Firms like Indian Immunologicals (IIL) and Wockhardt are in talks for manufacturing tie-ups with US vaccine major Moderna for its mRNA platform-based vaccine, sources said.
“There are two specific steps in vaccine manufacturing. One is making the drug substance, and another is filling the drug substance in vials. If a foreign player supplies the drug substance, then several Indian players have fill-finish capabilities to make the final product. This would typically enhance the vaccine maker’s capacity and reach in this market,” said a person close to the development. Drug substances are the raw material for making vaccines.
Another source confirmed that Hyderabad-based vaccine maker IIL had initiated discussions with Moderna among other players for forging a manufacturing tie-up. “Discussions were initiated last month when IIL had sought data from Moderna on the technology platform the vaccine used to assess compatibility of manufacturing here,” said a source close to the development.
The company, however, did not confirm this. An email sent to Moderna did not elicit an immediate response.
A source indicated that several foreign vaccine makers are in touch with IIL for a tie-up. Around November, IIL had indicated that it was open to discussions with the US major.
Moderna’s vaccine, which is based on mRNA technology, like Pfizer-BioNTech’s vaccine, can be stored for a month at temperatures of 2-8 degree Celsius, and for six months at minus 20 degree Celsius.
Moderna’s vaccine had shown 94.5 per cent efficacy against Sars-CoV-2 in November, after which the US approved it in December and even the UK and France have approved it recently.
The Indian government, too, is engaging with Moderna to see if the vaccine can be brought here.
The health ministry has indicated that India has minus 70-degree cold chain infrastructure (though not equitably distributed) owned by the Department of Agricultural Research and Education (DARE).
Meanwhile, sources also indicated that Mumbai-based Wockhardt was interested in partnering with Moderna for similar opportunities. An email sent to Wockhardt did not elicit an immediate response either.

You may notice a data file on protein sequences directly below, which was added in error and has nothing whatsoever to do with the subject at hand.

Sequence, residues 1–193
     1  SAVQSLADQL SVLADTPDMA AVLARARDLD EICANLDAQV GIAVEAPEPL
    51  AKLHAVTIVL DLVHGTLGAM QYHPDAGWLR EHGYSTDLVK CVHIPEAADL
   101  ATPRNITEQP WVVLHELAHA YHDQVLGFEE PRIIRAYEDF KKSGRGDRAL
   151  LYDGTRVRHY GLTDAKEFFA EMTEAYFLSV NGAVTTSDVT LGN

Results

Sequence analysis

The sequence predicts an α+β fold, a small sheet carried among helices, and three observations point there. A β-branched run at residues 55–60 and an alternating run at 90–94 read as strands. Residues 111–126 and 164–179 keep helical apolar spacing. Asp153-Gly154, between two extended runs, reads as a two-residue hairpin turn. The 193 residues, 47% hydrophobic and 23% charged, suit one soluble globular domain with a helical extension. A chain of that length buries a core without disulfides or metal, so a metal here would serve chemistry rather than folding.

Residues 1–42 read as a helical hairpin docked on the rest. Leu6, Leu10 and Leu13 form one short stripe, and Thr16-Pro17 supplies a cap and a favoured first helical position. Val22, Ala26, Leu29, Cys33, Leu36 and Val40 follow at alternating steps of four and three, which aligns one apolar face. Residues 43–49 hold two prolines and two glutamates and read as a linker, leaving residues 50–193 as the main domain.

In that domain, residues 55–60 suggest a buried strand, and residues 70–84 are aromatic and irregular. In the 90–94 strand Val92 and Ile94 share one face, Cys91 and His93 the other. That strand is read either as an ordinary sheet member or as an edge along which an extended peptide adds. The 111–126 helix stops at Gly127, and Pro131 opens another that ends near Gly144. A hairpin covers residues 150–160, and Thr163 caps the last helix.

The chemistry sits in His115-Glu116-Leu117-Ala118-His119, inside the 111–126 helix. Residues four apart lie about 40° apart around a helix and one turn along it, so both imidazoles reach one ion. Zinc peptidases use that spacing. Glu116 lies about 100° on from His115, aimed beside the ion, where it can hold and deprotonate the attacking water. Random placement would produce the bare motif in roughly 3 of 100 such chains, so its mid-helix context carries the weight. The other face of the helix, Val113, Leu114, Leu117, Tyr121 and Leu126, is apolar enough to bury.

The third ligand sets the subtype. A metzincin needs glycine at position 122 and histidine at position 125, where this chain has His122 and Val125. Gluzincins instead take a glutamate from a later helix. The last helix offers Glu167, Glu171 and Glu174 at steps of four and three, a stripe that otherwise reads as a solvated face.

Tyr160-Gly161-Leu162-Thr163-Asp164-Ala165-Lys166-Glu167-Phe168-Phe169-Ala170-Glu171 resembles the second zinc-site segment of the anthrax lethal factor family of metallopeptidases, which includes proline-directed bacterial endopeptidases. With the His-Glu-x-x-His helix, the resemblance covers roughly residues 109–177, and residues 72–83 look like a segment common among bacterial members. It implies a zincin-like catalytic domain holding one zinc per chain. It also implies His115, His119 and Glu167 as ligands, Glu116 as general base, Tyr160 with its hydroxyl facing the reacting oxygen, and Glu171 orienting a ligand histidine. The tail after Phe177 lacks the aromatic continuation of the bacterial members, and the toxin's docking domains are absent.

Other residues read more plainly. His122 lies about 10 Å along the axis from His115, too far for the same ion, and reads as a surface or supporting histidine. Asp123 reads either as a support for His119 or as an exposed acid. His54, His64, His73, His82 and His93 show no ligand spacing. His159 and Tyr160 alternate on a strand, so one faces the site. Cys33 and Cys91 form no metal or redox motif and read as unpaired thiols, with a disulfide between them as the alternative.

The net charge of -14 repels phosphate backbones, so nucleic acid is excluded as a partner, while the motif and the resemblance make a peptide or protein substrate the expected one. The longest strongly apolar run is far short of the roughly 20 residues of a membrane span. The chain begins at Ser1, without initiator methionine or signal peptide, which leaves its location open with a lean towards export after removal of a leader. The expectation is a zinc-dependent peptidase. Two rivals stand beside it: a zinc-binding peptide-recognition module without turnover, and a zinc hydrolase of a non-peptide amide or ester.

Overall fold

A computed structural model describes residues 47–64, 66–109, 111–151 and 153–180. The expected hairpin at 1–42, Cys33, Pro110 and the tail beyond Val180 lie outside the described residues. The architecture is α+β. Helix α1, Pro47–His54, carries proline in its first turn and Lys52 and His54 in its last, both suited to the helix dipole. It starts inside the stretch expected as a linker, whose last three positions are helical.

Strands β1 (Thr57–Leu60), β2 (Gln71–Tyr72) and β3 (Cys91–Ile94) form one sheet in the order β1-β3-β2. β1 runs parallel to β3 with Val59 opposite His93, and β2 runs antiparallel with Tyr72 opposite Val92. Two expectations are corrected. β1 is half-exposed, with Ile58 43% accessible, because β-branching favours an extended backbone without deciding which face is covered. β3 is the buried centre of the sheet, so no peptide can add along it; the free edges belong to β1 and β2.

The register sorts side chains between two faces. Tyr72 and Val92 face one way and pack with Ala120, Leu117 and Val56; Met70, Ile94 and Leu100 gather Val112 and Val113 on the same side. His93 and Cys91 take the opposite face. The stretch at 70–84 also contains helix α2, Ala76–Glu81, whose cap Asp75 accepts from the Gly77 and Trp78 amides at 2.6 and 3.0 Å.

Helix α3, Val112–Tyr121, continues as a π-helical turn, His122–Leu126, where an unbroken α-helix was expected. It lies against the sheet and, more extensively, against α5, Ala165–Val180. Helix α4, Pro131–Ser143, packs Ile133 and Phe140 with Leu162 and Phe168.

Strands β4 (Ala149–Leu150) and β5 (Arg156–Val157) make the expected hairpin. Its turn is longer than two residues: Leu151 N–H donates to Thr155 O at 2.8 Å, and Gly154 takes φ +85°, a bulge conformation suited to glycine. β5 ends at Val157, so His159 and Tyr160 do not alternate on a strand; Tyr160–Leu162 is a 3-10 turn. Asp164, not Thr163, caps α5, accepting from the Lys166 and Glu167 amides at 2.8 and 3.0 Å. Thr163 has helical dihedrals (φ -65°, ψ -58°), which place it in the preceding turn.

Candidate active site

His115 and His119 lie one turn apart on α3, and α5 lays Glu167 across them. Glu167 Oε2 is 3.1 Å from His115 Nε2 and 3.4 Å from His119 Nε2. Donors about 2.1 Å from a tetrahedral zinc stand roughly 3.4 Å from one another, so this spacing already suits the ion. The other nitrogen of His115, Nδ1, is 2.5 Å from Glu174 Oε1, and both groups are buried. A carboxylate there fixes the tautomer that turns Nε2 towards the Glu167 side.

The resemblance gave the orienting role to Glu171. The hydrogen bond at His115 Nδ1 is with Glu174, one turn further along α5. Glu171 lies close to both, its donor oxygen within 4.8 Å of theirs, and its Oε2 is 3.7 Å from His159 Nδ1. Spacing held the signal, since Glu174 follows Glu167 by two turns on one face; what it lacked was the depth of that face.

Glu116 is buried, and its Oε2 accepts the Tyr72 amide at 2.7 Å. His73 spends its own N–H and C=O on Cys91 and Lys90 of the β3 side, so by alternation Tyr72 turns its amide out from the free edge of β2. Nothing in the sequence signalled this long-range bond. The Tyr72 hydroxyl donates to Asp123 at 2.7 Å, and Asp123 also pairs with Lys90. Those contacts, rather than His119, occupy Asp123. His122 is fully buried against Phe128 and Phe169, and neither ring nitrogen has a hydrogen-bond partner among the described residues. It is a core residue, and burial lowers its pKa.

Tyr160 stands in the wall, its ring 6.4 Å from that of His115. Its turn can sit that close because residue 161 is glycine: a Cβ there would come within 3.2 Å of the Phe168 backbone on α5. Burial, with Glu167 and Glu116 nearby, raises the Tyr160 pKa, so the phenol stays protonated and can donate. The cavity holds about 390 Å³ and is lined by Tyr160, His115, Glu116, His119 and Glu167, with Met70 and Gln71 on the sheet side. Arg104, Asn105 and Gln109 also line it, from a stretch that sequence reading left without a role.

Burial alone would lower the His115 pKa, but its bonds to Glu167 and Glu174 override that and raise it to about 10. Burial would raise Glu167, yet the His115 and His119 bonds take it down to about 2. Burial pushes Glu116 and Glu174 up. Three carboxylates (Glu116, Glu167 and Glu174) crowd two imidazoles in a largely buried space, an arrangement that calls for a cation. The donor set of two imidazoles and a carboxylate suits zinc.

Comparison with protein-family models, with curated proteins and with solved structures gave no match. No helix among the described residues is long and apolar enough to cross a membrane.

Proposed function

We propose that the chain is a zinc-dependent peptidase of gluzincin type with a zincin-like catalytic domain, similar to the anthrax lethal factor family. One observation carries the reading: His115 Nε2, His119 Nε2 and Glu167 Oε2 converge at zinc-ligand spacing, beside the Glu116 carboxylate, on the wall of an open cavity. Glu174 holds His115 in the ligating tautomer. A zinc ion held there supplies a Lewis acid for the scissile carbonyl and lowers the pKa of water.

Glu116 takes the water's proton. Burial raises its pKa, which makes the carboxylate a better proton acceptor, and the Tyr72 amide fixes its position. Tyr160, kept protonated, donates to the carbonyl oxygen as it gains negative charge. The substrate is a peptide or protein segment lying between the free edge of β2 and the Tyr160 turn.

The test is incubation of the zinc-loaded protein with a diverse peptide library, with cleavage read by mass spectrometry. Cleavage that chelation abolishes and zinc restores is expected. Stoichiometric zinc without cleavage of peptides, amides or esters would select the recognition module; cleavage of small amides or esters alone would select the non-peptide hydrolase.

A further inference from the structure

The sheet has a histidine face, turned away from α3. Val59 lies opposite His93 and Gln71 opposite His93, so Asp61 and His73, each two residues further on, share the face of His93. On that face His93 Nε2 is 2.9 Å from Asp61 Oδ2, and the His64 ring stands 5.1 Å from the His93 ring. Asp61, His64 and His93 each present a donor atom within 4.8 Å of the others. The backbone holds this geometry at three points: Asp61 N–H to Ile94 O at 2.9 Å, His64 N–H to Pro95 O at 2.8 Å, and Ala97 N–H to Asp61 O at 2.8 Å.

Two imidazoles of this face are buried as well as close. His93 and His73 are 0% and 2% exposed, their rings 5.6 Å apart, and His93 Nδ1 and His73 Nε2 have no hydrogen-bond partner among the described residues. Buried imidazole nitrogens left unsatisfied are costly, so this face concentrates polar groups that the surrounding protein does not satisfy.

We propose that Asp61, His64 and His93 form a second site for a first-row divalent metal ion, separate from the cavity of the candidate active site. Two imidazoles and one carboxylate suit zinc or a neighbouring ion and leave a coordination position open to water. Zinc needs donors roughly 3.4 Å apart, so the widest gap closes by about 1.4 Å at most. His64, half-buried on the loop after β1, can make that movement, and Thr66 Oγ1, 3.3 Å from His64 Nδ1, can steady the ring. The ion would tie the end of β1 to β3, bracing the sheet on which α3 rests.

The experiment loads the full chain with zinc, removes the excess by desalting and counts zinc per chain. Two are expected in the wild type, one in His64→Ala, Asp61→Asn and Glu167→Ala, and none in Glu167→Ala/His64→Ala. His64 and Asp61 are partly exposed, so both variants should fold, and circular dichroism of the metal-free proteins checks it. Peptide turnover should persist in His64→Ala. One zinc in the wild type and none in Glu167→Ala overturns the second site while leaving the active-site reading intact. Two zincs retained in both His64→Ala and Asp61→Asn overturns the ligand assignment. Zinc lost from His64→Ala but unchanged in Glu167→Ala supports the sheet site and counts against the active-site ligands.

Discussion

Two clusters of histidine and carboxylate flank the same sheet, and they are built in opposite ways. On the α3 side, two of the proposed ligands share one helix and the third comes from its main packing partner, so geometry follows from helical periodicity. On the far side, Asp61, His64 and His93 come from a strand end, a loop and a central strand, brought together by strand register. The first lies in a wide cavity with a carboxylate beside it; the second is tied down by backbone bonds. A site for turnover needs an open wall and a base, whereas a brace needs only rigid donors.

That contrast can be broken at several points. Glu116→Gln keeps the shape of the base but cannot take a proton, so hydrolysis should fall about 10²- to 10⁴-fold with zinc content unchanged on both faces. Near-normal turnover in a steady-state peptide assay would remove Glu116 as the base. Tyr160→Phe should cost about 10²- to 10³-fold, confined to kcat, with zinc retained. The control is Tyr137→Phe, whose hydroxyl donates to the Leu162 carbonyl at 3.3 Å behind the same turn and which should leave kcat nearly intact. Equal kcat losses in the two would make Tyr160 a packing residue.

As such, the firm had indicated that it was in talks with global vaccine makers for contract manufacturing drug substances as well as to fill and finish doses out of its Indian site at Aurangabad. The site has a capacity to make a billion doses.
Wockhardt is already working closely with the UK government, which has reserved one fill-and-finish production line the company has there for its exclusive use for 18 months to guarantee the supply of vaccines required to fight against Covid-19.
Habil Khorakiwala, chairman of Wockhardt, had said last month, “We are in discussions with a number of vaccine developers.” He added that the company is also considering collaborations that involve contract manufacturing and also vaccine distribution in India and some emerging markets.
Khorakiwala had refused to divulge the names of the global players that the firm was in discussions with. At present, there is existing manufacturing capacity to make 5-6 billion doses globally, while there is need for 15 billion doses or so to vaccinate the entire global population. Wockhardt, thus, sees an opportunity in supplying vaccines that have been developed by someone else.
Vaccine industry insiders, however, sounded skeptical. A source said, “Most of the big players have already sealed global partnerships — AstraZeneca and Novavax with Serum Institute, Johnson and Johnson with Biological E, etc. There would not be much opportunity left after this,” the person said.
He also felt that handling a drug substance like Moderna’s would be extremely tricky. “If the finished product has such stringent temperature requirements, then the drug substance would be more unstable. I do not know how this works out easily,” he added. – Business Standard